From The Constitution, Wednesday, March 30, 1864 (volume 27, number 1370)
A dispatch from Cairo states that there is good news from the Red river expedition, which comes from undoubted authorities. Gen. A. J. Smith landed his forces from transports a few miles below Fort DeRusey. The rebel Gen. Dick Taylor promptly marched against him with his entire force and attacked him in the rear. General Smith, instead of attempting to keep up communication with the river, proceeded by forced marches toward the fort. When Taylor saw the trick he also started for the same destination, and for a time the race seemed doubtful, but finally the Yankees came in about three hours ahead, capturing the fort and 11 guns, four of them Parrotts; one an 11 inch, and several 32-pounders, and also 300 prisoners.—This gives General Smith a strong foothold in the country, and will enable Admiral Porter to proceed to Alexandria with his gunboats without opposition.
Admiral Dahlgren has again returned from Fortress Monroe without the body of his son. Colonel Ould, the confederate agent for the exchange of prisoners, sent a verbal message “that the man who buried the body could not be found in time to get it ready for transportation just yet, but that it would be sent down as soon as possible.”
Gen. Forrest, with a force of 5,000 men, captured the city of Paducah, Ky., at 2 P. M., 26th, inst., and fired the city. Col. Hicks, commanding the post, occupied the fort below the city with about 800 men. The rebels made four assaults upon the fort, and were repulsed each time. Three of our gunboats opened on the city during its occupation by the enemy, which was burned, including the marine railway and steamer Arizona—the wharf boat. About 3,000 of the inhabitants moved across the river upon learning of the approach of the rebels. When the Pearce passed, the enemy had left. The people were returning to the city and the fires dying out. The amount of public and private property captured is unknown at present, but is supposed to be large.
Our loss is 12 killed and 40 wounded. From 150 to 200 rebels are reported killed, among them Gen. Thompson. Twenty-five houses were destroyed by our troops, as they were used by the rebel sharpshooters as a screen. The headquarters and other government houses were burnt by the enemy.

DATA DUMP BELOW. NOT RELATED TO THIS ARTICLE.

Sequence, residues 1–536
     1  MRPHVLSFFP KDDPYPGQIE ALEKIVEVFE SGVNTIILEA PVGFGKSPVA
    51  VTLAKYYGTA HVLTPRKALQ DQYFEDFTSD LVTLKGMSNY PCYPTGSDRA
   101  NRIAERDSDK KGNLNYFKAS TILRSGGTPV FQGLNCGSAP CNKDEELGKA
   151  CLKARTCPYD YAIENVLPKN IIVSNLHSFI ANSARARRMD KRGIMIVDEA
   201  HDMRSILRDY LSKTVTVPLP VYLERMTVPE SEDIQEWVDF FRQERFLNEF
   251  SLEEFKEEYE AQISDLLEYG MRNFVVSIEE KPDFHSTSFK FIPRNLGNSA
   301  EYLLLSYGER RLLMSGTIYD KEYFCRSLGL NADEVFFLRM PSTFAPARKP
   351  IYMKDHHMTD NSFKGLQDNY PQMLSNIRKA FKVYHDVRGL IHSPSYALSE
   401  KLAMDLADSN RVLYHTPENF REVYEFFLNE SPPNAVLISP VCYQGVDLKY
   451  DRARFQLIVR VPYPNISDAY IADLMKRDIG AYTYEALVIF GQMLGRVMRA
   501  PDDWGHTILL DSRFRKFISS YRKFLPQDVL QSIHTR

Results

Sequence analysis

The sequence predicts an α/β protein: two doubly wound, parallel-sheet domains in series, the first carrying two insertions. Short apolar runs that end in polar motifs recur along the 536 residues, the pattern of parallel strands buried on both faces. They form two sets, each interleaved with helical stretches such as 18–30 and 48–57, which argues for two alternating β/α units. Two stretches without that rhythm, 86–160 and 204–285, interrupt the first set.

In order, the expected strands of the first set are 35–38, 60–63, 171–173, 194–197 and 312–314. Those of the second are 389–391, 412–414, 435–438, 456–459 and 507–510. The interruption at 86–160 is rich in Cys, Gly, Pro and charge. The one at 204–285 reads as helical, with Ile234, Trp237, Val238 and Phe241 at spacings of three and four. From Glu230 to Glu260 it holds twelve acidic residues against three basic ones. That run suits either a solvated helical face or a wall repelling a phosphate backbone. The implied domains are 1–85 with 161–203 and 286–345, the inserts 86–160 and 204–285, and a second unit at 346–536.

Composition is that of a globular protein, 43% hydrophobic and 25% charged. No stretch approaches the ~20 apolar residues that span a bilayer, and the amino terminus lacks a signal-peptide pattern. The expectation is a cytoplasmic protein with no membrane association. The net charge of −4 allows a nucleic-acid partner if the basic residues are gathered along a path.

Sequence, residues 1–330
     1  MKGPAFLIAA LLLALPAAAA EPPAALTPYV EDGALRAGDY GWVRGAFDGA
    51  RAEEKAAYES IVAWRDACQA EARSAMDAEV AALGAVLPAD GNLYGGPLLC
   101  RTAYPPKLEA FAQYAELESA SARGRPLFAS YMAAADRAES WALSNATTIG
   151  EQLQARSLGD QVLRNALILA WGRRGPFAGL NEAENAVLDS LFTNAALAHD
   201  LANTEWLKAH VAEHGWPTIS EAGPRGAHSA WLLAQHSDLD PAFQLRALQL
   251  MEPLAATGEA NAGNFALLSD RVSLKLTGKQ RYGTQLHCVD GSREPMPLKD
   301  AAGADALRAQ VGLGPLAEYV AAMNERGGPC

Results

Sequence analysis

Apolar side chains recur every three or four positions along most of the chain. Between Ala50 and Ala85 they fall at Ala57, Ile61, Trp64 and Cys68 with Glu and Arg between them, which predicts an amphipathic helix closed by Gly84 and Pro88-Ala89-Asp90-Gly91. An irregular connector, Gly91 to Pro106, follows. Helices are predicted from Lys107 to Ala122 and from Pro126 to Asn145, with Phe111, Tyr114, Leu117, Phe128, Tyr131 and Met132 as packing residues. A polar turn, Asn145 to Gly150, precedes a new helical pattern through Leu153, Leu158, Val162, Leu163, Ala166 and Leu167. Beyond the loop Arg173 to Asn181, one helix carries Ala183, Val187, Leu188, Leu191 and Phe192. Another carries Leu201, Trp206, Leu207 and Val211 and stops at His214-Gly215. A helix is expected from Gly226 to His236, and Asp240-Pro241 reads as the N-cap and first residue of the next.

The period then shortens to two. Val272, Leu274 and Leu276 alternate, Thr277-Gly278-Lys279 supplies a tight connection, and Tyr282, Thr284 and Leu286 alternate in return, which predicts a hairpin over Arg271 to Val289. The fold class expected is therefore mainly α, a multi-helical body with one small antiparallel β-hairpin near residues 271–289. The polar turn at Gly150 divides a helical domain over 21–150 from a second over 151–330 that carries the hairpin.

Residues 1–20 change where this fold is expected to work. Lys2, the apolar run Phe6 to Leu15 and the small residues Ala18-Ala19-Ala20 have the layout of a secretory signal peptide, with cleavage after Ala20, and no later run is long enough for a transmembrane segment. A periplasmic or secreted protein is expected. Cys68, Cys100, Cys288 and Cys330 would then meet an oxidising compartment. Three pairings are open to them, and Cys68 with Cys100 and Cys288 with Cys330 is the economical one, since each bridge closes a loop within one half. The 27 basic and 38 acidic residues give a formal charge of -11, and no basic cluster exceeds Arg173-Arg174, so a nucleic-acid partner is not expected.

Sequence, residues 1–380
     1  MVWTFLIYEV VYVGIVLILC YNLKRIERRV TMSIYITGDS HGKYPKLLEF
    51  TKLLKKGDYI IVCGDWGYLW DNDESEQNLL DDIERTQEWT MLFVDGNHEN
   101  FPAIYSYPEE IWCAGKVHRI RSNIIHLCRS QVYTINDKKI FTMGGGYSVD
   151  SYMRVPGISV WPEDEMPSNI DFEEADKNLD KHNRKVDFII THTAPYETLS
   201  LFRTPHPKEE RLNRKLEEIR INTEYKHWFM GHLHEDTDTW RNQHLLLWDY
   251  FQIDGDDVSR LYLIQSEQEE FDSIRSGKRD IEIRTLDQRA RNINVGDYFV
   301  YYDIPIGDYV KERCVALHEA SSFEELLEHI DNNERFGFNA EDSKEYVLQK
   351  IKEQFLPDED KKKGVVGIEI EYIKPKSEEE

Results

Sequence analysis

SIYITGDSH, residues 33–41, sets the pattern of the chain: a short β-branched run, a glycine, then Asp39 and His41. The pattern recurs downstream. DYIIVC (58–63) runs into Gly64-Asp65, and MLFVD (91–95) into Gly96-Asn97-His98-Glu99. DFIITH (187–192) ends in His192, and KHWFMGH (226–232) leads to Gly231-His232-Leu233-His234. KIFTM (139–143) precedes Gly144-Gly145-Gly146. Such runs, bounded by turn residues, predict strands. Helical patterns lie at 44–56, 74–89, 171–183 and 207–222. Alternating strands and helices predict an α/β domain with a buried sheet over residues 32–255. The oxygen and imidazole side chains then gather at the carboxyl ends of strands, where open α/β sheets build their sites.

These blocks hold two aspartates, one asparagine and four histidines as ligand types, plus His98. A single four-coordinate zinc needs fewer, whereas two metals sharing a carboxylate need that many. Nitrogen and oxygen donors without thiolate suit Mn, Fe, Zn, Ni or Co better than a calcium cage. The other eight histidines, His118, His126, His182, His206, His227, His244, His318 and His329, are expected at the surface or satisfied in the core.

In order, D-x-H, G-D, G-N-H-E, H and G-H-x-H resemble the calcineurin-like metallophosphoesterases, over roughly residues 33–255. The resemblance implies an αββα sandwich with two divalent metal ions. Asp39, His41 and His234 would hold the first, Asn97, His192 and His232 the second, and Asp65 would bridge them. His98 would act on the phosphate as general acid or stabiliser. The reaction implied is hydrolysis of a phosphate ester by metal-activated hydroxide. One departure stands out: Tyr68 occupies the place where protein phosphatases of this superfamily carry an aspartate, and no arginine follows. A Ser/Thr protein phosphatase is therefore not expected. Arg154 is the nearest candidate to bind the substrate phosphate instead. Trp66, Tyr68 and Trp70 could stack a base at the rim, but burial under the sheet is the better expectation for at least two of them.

The enemy being reported in force near Union City, Tenn., 24th inst., Gen. Brayman, with a force of 2,000 men and a battery of artillery, proceeded by railroad to within six miles of Union City, when they learned that Colonel Hawkins, with 400 of the 7th Tennessee cavalry, had surrendered at 11 o’clock a. m. after repulsing the rebels, who numbered about 2,000, three times. The men were armed and equipped, and had recently been paid for over a year’s service. The enemy burned what was combustible about the fortifications and marched off with their prisoners.
Gen. Brayman proposes the abandonment of such outposts as Hickman and Union City, as they are of no use to the Unionists’ and of value, at present, to the enemy as means of obtaining supplies.
Fort Monroe, Virginia, March 8, 1864.
“The undersigned, members of the ‘Board of Distribution,’ lately confined in Libby Prison, feel that the greatest favor they can confer on their unfortunate comrades, is to call the attention of their friends and families, in the North, to the following suggestions:
“1. Boxes should not exceed twelve cubic feet; or, two feet square and three feet long.
“2. They should, invariably, be stoutly and securely bound with iron hoops.
“3. Coffee, tea, sugar, flour, tobacco, and articles of a like character, should be put in stout paper or canvass bags.
“4. All perishable articles should be excluded, as tending to injure the remaining contents.
“5. Under no circumstances should articles of a contraband nature, such as liquors, wines, money or citizen’s clothes be sent. The prohibition is imperative, and the scrutiny most thorough. Every box in which they are discovered is liable to confiscation.